When your company is dealing with e.g. diabetes, you talk about diabetes as such (instead of the drugs you fabricate to treat the disease). If you’re dealing with, say, antibiotics resistance, you provide some sort of useful information on that matter that can be spread and will likely reach the people who are involved in that issue.

 

Reputation: individual or organizational?

 

Reputation is quite a broad term. I think this is more individual than organizational. You as the trusted person in your organization would build up a reputation where you can be contacted by the relevant people. Though we have seen good examples where Twitter accounts are run by organizations and become trusted sources, think of WWF’s EU account, Eli Lilly’s EU account and others.

 

Visibility online

 

This topic could merit a seminar on its own, so I’m just flagging it here: what kind of resources to have on your website that will attract the right policy-maker or influencer audience? Part of this is trying to make sure that when someone is doing a Google search, they will find you and your resources.

 

Petitions

 

The last one of the possible objectives of your social media efforts is something that has a long tradition in the US and seems to be gaining traction in Europe too: petitions. The goal could be to put an issue on legislative agenda [via the European Citizens’ Initiative or by ‘regular’ online petitions].Part of this could be an initiative to change an upcoming legislation or change something that the European Parliament is currently discussing,mostly by mobilizing people to sign online forms or send direct messages to policy makers.

 

Keep in mind, however, that there are lot of companies [yours may also be included] where they would be very careful about using this.They have a reputation to keep, a certain brand to protect, and also considering that in the pharma and health industries are highly regulated, therefore legal concerns may also prevail when thinking about how far you can go in putting pressure on policymakers.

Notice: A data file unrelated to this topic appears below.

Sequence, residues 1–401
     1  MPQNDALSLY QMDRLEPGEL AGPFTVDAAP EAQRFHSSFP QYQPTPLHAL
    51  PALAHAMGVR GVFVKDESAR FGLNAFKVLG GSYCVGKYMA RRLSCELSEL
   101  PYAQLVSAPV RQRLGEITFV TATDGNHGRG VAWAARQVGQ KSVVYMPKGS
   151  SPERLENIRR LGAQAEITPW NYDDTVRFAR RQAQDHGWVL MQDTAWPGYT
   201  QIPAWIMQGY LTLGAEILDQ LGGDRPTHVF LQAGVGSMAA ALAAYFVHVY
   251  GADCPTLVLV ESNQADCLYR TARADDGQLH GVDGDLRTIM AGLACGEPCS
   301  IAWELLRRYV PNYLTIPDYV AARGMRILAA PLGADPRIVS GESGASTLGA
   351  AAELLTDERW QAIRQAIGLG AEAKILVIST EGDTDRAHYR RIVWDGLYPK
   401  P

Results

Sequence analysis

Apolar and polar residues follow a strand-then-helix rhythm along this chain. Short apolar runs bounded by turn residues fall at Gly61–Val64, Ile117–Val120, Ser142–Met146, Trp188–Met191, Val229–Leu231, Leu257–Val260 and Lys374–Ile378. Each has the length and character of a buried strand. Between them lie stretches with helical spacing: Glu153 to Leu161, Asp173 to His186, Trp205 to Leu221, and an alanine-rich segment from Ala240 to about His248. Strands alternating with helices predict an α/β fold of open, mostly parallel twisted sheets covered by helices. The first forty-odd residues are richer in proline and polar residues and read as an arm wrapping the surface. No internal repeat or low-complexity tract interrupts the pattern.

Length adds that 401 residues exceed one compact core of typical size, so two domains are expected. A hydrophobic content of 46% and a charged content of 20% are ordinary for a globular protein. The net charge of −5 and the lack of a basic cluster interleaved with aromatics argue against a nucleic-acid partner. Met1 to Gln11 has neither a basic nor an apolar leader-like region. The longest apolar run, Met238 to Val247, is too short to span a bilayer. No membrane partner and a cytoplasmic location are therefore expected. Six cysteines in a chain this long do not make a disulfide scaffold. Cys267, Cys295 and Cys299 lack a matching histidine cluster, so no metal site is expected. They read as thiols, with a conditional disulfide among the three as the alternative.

The classic US expression, “grassroots” activism covers this activity: bottom-up initiatives, people sending emails to their MEPs and writing to their policy makers and regulators. It might work in certain issues but this is to be exercised with caution. (See the above example about the e-cigarettes.)

 

Discussing health topics of general interest: diabetes

 

Let’s say you would like to put an issue such as ‘diabetes’ on EU policy makers’ radar, arguing that the EU should consider this in more of its proposals. I was looking for some specific LinkedIn group wherespecific discussions take place on this topic. I found the Diabetes Research Institute Foundation with a solid number of members, over 2,300, where people involved in this issue have discussions.

 

In fact, LinkedIn is really about finding who the relevant people are in that topic,far more than a dynamic, lively discussion on a current event. LinkedIn, at least for now, is mostly about extending your network and finding experts of interest rather than classic advocacy or even shaping the opinion of specific groups of people.

 

On whose behalf are you Tweeting or commenting on LinkedIn?

 

Whether you speak on behalf of your company or not, the general perception is that you are representing your company since your LinkedIn profile has that information. Twitter profiles are much easier in that sense since you can make it crystal clear whether re-tweets are endorsements or not, or if your views are your own or that of your employer. For lack of such disclaimers on LinkedIn, you do speak on behalf of your company. This also means that politically sensitive messages are (or should be) avoided on LinkedIn, which is not to say that you cannot enter a lively and smart discussion on health policy or how the EU approaches e.g. active ageing.

 

This also means that if you create or join a new group centered around a healthcare issue, that’s a perfect way to find out who else is an expert on it in a wider, even global community. Even if the group has only a couple dozen or hundred members, it cannot be centered aroundyour company, a specific drug or medicine or other. It’s about the community and personal connections, something that LinkedIn works rather well for. At the same time, almost all discussions are purely professional. For private interactions and ‘light’ topics, photos and videos, Facebook is the place to be. For instance, if your message is ‘quit smoking’, that can be a broad, personal, individually relevant topic that private people can be interested in. Talking about the new Tobacco Products Directive, however, may go down better on LinkedIn as it’s a technical and legal matter that nobody would be particularly interested in on Facebook.

 

The right content on the right platform: Facebook vs. Twitter vs. LinkedIn